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[whitespace] Gown v. Town

San Jose--In some circles, San Jose's Martin Luther King, Jr. Main Library is a laughing stock. Its 115,000 square feet of floorspace makes it one-third the size of San Francisco's main library. As a research center, it hardly measures up to public libraries in much smaller Bay Area cities.

Understandably, city officials been under pressure to improve the situation. The San Jose State faculty leadership of Save Our University Library (SOUL) believes the mayor and city council are trying to solve their library problem at the expense of San Jose State students.

"The politicians want the collection," says history professor and SOUL president Bruce Reynolds. "They've been criticized for having an inadequate collection, and if they can get ours for almost no cost, its a feather in their cap."

Reynolds and his group are opposed to what is tentatively being called either the City University Joint Library or the San Jose Metropolitan Library. The project, slated to be built with $70 million in city funds and $101 million from SJSU, would ostensibly serve both city users and San Jose State students.

The facility would be located at the corner of Fourth Street and San Fernando Street--adjacent to the new city hall complex. At 495,000 square feet, it would significantly expand the space available to both libraries.

As the planning of the library has proceeded, Reynolds and the members of his group have advocated that the new facility be split, with city users having only limited access to SJSU's million-volume collection. But now that the plans are being hammered out in a Memorandum of Understanding, they believe students will be big losers in the deal.

The city is adamant that city users have access to all university volumes, computer terminals and work spaces. Darrell Dearborn, assistant city manager, says he expects the integration of the two libraries to almost completely comprehensive.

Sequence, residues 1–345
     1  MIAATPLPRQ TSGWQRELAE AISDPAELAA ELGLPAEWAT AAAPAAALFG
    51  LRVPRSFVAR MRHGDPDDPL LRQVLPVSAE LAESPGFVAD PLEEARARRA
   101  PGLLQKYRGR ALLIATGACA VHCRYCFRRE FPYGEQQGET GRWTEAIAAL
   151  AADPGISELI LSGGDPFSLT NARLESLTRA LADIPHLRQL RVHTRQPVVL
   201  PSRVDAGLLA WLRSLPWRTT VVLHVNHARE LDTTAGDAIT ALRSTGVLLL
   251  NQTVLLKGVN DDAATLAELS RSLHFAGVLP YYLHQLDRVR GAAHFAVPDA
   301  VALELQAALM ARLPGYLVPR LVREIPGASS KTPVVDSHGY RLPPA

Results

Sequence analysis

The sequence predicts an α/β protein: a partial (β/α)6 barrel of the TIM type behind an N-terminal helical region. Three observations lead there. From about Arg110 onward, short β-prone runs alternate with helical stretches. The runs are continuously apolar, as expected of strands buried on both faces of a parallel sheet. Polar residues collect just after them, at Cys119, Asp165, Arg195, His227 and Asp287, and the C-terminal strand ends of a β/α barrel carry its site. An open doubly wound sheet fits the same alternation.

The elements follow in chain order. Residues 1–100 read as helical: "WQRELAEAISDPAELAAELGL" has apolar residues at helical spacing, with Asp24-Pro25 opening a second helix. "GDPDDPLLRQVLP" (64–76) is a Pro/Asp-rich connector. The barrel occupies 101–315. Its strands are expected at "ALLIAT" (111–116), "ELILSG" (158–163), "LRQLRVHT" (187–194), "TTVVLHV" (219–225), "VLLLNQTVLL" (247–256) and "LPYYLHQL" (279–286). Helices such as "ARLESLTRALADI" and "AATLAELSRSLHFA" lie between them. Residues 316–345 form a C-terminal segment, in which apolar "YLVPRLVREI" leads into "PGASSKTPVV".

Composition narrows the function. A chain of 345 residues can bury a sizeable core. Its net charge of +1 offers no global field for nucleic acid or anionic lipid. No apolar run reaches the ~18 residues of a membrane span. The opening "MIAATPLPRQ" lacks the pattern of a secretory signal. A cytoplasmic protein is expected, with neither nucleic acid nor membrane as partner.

"Theoretically, there could be an activity so unique and specialized the university would not want the general public in the space," Dearborn says. "That's never been raised by the university and I'm hard pressed to think of any category that would justify the physical exclusion of the general public from a space."

Reynolds points out that the city library has very different regulations for checking out books than the university. City cardholders need only a picture ID and a California address to check out as many as 25 books at a time. He says that will lead to missing books for students doing research.

Robert Caret, president of SJSU, supports the plan as is. But he says there are already some assurances built into the plan that will protect students' access to materials.

"We understand the fear," Caret says. "There are going to be some parts of the library that are off-limits like archival rooms and special research rooms like Beethoven and Steinbeck. We designed the building so the lower levels will be busiest. There will be a natural architectural separation."

The city has made it clear, however, that every city user should have access to every place in the new library at any time.

"Essentially the building is going to be open to everyone in all spaces," Dearborn says.

Not quite, says Caret. "People will have the ability to walk wherever they want," he says. "[However,] there will be reserve rooms where faculty puts a book for a class. You would have to be enrolled in the class to get in."

Reynolds says the discrepancy results from Dearborn reassuring Mayor Susan Hammer, who, he says, wants an improved city library to be part of her legacy. And he says Caret is trying to reassure skeptics on campus.

Both partners in the joint project recognize that this innovative collaboration plan--the only one like it in the country--is the only way for either entity to afford a facility of this size and quality.

"Libraries are all average-to-mediocre now because we can't afford to run them," Caret says. "We can't run them the way we've been running them or we're going to find ourselves with libraries that aren't worth having."

But without protections for the university collections and study space, Reynolds says, the city gets far more out of the deal than the students. Imagine, he says, if students have to wait to get on a computer for a teenager to finish browsing the Internet or checking email.

"From my perspective, it would be best to kill the thing," Reynolds says.

Killing it, says Caret, would mean no new library for the university for the foreseeable future. All of the money the University expects to get from the state--$90 million--is contingent on the partnership. Fine, say the opponents. Let the state keep the money, and let the university keep the present students-only library.
Michael Learmonth

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